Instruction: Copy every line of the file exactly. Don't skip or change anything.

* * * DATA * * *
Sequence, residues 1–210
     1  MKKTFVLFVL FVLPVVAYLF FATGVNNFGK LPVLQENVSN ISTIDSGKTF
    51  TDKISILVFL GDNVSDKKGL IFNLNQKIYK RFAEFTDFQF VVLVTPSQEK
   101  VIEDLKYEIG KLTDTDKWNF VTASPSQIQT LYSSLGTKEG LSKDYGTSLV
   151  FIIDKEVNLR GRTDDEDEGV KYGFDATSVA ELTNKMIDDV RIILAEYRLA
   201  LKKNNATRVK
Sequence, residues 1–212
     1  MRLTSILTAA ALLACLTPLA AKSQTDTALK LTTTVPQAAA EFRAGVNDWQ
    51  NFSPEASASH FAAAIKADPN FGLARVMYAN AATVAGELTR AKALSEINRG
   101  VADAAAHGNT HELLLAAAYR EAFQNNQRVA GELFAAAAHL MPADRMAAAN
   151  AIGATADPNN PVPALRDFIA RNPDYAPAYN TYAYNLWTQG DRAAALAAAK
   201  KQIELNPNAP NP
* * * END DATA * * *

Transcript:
Sequence, residues 1–210
     1  MKKTFVLFVL FVLPVVAYLF FATGVNNFGK LPVLQENVSN ISTIDSGKTF
    51  TDKISILVFL GDNVSDKKGL IFNLNQKIYK RFAEFTDFQF VVLVTPSQEK
   101  VIEDLKYEIG KLTDTDKWNF VTASPSQIQT LYSSLGTKEG LSKDYGTSLV
   151  FIIDKEVNLR GRTDDEDEGV KYGFDATSVA ELTNKMIDDV RIILAEYRLA
   201  LKKNNATRVK
Sequence, residues 1–212
     1  MRLTSILTAA ALLACLTPLA AKSQTDTALK LTTTVPQAAA EFRAGVNDWQ
    51  NFSPEASASH FAAAIKADPN FGLARVMYAN AATVAGELTR AKALSEINRG
   101  VADAAAHGNT HELLLAAAYR EAFQNNQRVA GELFAAAAHL MPADRMAAAN
   151  AIGATADPNN PVPALRDFIA RNPDYAPAYN TYAYNLWTQG DRAAALAAAK
   201  KQIELNPNAP NP